pressure peak along the plate, UP. Indeed, in water entry flows the value of
the pressure peak should correlate to U2
P(see e.g. [17, 3]) as:
CP=Pmax
1
/2ρ U2
P
= 1.(7)
In figure 12 the calculated values of UPfor both SPH and experimental results
are reported for several probes. Only the probes far from the panel edges have
been considered to avoid influences of either the initial impact stage or the
final stage, for which the flow self-similarity is not applicable. In the same
figure the values of UPobtained from a simulation adopting the real speed
of sound c?
0= 247U(Ma=0.004) are also reported. The difference between
the simulation with Ma=0.01 and Ma=0.004 is very small (about 2% of the
average value), confirming that within the weakly-compressible regime the
Mach number effect is limited. For the sake of completeness in the same plot
also the analytical value of UP(valid for a wedge entry problem) is reported,
i.e.:
UP=π
2Ucot(α).(8)
In Table 1 The average values of UPare reported. For the simulation at
Ma=0.01 the average value of UPis about 117 m/s corresponding to a pressure
coefficient CP= 1.03 which is close to the expected value (7). On the other
15
Fig. 12. Flat panel impacting water: Peak propagation velocity UPcalculated on
several positions along the panel for the experiment (triangles), SPH simulation
at Ma=0.01 (circles) and Ma=0.004 (squares), and analytical value from potential
flow theory (dashed line). The origin of the x-axis is set at the left-hand edge of the
panel.
UP(m/s) 1/2ρ U 2
P(bar) Pmax (bar) CP
Exp. 104 54 30 0.56
SPH Ma=0.01 117 68 70 1.03
SPH Ma=0.004 119 71 75 1.06
Table 1
Average of the peak propagation velocity UPplotted in fig. 12. The corresponding
pressure peak 1/2ρ U 2
P, the actual average pressure peak measured at the probes
Pmax and the related pressure coefficient CP(7) are also reported.
hand since the value of UPpredicted by the SPH is smaller than the analytical
one this implies that the maximum pressure of the SPH cannot be equal to
the one predicted by the Wagner theory as shown above. This difference is
essentially due to the fact that Wagner theory is referred to a symmetric
wedge entry, while the present case is asymmetric (see section 4.3).
When considering the experimental pressure probes an average value of UP
equal to 104 m/s is obtained (with a standard deviation σ= 3.1). This
propagation velocity of the pressure peak corresponds to a pressure coefficient
CPequal to 0.56. This confirms that the measurement system adopted is not
able to record the real pressure peaks which are therefore underestimated as
shown in this section.
16
4.3 Comparison between symmetric and asymmetric water entry
In the last subsection it has been shown that the pressure peak predicted
by SPH is consistent with the water impact theory. Indeed, the calculated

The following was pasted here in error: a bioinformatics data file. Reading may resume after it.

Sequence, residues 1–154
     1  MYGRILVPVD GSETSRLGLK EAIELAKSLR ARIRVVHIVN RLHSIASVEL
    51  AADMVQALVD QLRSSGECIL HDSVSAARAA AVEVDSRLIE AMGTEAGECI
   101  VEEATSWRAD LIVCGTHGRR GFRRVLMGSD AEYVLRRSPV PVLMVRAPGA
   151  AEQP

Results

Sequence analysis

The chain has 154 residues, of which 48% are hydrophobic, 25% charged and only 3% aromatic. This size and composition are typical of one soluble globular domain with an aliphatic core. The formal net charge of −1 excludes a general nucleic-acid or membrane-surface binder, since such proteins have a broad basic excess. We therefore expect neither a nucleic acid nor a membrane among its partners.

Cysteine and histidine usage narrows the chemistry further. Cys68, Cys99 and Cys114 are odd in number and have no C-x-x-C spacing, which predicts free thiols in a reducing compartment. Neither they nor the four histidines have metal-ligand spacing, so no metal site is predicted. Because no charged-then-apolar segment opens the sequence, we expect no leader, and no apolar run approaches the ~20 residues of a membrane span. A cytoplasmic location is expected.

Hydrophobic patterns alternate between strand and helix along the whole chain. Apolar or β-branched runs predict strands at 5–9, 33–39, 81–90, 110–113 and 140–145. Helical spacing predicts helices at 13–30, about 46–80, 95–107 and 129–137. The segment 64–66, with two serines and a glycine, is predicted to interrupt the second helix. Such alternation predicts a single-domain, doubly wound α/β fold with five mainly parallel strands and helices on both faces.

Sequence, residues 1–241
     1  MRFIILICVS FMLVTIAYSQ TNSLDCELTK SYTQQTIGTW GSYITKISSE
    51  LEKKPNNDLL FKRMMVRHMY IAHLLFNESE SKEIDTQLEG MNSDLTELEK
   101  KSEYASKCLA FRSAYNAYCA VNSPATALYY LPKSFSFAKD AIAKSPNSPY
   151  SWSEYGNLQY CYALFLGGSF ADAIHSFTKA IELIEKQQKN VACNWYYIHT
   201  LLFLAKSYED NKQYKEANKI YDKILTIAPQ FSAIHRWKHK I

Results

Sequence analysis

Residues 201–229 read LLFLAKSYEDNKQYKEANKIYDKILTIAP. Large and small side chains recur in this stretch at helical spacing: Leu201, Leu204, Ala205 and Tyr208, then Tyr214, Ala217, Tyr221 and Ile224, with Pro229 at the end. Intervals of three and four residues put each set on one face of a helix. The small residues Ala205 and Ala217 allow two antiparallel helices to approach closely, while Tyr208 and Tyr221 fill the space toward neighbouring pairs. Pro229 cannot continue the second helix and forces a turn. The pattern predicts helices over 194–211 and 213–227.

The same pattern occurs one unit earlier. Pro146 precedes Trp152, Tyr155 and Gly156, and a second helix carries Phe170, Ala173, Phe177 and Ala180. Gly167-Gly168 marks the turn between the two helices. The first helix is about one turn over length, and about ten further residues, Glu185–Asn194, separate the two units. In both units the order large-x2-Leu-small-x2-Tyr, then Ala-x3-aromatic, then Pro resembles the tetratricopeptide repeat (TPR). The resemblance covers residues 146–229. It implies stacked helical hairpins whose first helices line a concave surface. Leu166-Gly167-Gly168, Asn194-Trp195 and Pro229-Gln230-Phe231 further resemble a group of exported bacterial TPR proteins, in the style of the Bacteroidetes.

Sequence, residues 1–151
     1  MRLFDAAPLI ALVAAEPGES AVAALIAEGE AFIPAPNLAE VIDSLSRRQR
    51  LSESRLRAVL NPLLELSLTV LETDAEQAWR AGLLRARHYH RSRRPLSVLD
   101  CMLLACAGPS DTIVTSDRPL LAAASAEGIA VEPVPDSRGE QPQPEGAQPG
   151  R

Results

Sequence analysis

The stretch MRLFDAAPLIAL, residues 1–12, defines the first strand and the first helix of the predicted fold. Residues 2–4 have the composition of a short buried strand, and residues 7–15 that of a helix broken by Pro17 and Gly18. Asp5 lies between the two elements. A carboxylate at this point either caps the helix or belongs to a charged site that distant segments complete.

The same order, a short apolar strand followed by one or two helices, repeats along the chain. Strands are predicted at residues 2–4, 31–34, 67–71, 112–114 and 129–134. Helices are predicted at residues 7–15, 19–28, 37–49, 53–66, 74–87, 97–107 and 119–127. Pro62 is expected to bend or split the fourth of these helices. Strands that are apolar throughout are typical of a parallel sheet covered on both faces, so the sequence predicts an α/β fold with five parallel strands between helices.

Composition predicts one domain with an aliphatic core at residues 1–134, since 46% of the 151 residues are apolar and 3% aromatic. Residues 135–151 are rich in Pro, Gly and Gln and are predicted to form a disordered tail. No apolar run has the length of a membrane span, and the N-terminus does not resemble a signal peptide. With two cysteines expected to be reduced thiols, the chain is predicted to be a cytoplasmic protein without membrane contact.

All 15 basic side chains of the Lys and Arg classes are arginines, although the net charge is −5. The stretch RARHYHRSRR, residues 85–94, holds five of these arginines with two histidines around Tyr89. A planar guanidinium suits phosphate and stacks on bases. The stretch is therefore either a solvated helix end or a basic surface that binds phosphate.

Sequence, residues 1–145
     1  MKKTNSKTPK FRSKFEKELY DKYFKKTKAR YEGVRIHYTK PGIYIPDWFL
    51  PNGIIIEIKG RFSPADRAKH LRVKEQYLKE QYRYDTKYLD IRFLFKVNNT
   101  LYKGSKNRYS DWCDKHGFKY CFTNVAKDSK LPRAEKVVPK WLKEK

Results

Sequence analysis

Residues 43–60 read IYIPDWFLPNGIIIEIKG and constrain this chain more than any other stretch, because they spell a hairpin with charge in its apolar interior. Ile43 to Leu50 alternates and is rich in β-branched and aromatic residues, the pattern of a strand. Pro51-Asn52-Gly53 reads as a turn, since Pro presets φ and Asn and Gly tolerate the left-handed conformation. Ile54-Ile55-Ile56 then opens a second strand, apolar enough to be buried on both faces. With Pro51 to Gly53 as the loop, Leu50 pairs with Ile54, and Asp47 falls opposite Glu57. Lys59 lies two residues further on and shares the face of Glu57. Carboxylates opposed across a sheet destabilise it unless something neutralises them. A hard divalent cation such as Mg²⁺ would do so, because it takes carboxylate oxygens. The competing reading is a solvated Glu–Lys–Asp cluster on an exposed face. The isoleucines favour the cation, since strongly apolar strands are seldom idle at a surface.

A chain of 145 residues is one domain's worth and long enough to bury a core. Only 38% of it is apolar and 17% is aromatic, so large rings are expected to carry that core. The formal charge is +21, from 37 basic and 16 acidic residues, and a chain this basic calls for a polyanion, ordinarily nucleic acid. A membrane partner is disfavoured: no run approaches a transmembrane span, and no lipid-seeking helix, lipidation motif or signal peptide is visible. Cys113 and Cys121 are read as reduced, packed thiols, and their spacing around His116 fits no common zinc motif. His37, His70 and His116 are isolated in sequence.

peak propagation velocity UPand the pressure peak Pmax give a pressure
coefficient CPclose to unity (see eq. 7). Nonetheless, it still remains a
significant discrepancy between SPH results and the analytical solution for
this impact angle. In order to investigate the source of this incongruity a
further simulation has been performed. As already mentioned, most of the
analytical solutions available in the literature refer to a wedge entry problem.
Therefore, the comparison between asymmetric (i.e. single flat panel entry)
and symmetric (i.e. wedge entry) problem is useful to clarify the main cause
behind the difference between SPH and analytical solutions.
The symmetric problem has been set by retaining the initial particle
configuration of the asymmetric case and closing the fluid domain at the left
edge of the panel with a vertical wall (see figure 13). The simulation has been
run with Ma=0.01.
In figure 14 the peak propagation velocity for both symmetric and asymmetric
problems are shown. It is clear that in the symmetric configuration the SPH
solution is now much closer to the potential flow prediction, the computed
average value being about 131 m/s (the theoretical value is 135 m/s). Because
of this increase in the value of UP, a larger pressure peak is expected on the
panel surface. The recorded pressure at 0.16 m from the left-hand edge of the
panel is shown in figure 15 for both symmetric and asymmetric SPH solutions.
Consistently with the observed value of UP, the pressure peak of the symmetric
solution is about 88 bar. In the same figures the analytical solutions from [31]
and [33] are also reported. Evidently, the symmetric SPH solution is again
much closer to the analytical prediction and the remaining difference can be
Fig. 13. Flat panel impacting water: fluid domain adopted in the symmetric problem
configuration. Colors refer to the module of the velocity field.
17
mainly attributed to fluid compressibility. It is therefore clear that in the
asymmetric problems the differences are not only limited to the pressure at
stagnation (i.e. far from the pressure peak), which is expected to be lower
due to the uprising jet at the left edge, but also the pressure peak intensity is
affected (at least in the considered test conditions). This is in agreement with
the analytical work in [28]. In that work it is shown that, generally, asymmetric
impacts induce smaller pressure peaks with respect to the symmetric case. This
effect is emphasized when the deadrise angle is smaller (in [28] the smallest
angle considered is 10).
Fig. 14. Flat panel impacting water: Peak propagation velocity UPcalculated
on several positions along the panel for the asymmetric (circles) and symmetric
(triangles) SPH simulations, and analytical value from potential flow theory (dashed
line). The origin of the x-axis is set at the left-hand edge of the panel.
Fig. 15. Flat panel impacting water: pressure time histories of symmetric (solid line)
and asymmetric (dashed) solutions measured at 0.16 m from the left-hand edge of